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AI and Industrial Automation: Don’t Count the Incumbents Out!

This post originally appeared on PhilipLay.com. To read the post from the original source click here.

Industrial Automation

 

Earlier this month an article in the Financial Times by John Thornhill, the paper’s innovation editor, caught my attention. Thornhill was relaying an intriguing set of ideas expressed by the authors of a new book, What To Do When Machines Do Everything?

Before discussing the future impact of today’s unfolding industrial innovations such as driverless cars, robotic surgery, precision agriculture, or automated beer service (as in the photo above), the three authors – Malcolm Frank, Paul Roehrig, and Ben Pring – make their first key point, citing the example of an early 19th century innovation that enabled an entire industry that generates $620bn. in annual revenues today. What could this invention have been – The steam engine? The airplane? The sewing machine? Or maybe the telephone? Theoretically, you might expect not be too far off with any one of these answers, but in fact the invention in question was … the lawnmower.

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Can Slack Fend off the Giants to Succeed in the Enterprise?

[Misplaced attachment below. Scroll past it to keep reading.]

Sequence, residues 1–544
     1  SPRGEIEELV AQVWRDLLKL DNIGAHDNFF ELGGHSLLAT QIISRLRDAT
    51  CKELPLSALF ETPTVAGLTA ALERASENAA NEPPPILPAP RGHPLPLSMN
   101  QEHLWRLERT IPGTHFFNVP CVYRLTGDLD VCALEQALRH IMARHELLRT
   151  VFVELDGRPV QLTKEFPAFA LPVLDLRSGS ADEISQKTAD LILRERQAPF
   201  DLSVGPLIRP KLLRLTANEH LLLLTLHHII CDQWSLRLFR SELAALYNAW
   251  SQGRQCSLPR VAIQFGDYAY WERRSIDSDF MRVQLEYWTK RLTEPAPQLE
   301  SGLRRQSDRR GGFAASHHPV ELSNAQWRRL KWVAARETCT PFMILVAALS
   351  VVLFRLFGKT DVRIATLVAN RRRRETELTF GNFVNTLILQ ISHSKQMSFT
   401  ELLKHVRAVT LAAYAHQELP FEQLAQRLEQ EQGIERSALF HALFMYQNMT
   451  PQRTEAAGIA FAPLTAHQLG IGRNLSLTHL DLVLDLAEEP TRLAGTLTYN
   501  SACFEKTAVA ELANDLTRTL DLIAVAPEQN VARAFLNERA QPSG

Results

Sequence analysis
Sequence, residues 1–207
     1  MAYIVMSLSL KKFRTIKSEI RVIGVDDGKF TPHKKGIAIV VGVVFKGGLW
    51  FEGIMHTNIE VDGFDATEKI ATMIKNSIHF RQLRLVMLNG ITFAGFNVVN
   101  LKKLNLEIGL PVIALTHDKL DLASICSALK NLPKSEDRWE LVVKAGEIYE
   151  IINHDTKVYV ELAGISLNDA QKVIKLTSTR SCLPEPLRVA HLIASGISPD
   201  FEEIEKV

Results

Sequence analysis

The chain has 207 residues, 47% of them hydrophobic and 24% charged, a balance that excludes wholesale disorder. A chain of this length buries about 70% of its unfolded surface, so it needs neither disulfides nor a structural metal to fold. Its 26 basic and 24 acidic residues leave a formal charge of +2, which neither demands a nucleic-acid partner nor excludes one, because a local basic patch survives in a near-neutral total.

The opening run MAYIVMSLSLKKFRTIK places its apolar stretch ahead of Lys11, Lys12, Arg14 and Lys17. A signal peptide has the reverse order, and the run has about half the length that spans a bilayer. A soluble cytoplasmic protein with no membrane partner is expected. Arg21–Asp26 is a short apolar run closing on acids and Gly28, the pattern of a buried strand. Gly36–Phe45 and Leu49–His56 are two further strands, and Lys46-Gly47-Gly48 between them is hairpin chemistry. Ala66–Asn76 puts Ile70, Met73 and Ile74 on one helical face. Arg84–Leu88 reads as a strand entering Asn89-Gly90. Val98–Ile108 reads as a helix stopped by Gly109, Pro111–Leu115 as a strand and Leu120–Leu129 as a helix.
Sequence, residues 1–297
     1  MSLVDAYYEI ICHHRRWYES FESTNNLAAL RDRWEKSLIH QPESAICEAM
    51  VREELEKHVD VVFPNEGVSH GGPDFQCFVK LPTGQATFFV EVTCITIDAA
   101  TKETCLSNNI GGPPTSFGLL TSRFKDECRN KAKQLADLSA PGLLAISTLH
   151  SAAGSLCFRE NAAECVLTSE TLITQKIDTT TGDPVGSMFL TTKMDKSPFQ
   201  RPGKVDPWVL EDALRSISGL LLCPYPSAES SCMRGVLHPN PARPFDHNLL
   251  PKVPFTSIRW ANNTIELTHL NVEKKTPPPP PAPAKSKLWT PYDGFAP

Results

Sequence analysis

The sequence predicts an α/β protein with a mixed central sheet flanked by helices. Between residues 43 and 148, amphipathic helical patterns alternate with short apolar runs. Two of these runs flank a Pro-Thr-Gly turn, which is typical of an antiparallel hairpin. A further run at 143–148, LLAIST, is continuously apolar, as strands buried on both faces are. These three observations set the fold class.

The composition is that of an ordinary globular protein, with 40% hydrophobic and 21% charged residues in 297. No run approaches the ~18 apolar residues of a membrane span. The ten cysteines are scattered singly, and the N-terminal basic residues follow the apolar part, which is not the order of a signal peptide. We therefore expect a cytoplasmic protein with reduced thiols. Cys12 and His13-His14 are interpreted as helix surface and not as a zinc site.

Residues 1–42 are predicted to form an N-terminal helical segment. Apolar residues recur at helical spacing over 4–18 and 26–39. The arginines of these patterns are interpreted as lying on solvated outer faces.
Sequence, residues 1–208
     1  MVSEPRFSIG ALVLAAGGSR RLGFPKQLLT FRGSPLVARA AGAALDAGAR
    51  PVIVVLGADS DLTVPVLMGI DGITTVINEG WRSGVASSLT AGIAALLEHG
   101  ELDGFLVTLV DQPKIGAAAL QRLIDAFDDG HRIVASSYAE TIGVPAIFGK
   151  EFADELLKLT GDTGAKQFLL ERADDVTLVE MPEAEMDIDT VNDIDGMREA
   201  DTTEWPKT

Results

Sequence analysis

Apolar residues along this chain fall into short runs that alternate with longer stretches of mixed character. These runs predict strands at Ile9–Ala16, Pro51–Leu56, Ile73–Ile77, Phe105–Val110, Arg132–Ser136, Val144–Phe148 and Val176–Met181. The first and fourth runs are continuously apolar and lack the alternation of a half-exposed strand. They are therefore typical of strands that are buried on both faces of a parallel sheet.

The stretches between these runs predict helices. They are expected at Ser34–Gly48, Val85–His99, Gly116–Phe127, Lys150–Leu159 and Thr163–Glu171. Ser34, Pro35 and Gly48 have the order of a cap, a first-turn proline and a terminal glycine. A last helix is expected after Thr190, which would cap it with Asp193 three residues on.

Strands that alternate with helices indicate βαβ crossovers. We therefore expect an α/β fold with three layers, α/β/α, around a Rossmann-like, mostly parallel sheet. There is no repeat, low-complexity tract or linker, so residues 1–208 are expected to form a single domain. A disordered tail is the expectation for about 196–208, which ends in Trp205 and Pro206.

This post originally appeared on PhilipLay.com. To read the post from the original source click here.

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10-minute read

I’m going to use Slack as a study of how a well-funded unicorn that has done extremely well with SMB customers can advance its chances of success with enterprise customers despite the heft wielded by large incumbents such as Microsoft and Google. What I hope to illustrate is the importance for executive teams to understand the different strategies and “muscles” required to Play for Power (i.e., achieve dominance in selected target markets) alongside what they have to do on a daily basis, which is to play for Performance (i.e., make their numbers). For lack of a suitable mental model and corresponding KPIs, boards, CEOs and management teams tend to conflate these two goals. Doing so can be extremely costly in terms of misplaced investments and failed growth initiatives.

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Land & Expand Strategy: Time to Get Serious about Customer Success!

This post originally appeared on PhilipLay.com. To read the post from the original source click here.

land-expand

For the past few years I’ve been researching the marketplace and advising clients how to organize their resources effectively to ensure client success and thus succeed in expanding adoption and engagement after first landing a new customer. Progress has been made by some, but in general companies still fall far short of what most enterprise customers consider to be minimum expectations, and thus far short in terms of the expand benefit that could accrue to vendors. Why should this be?

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Facebook – Technology Platform or News Publisher?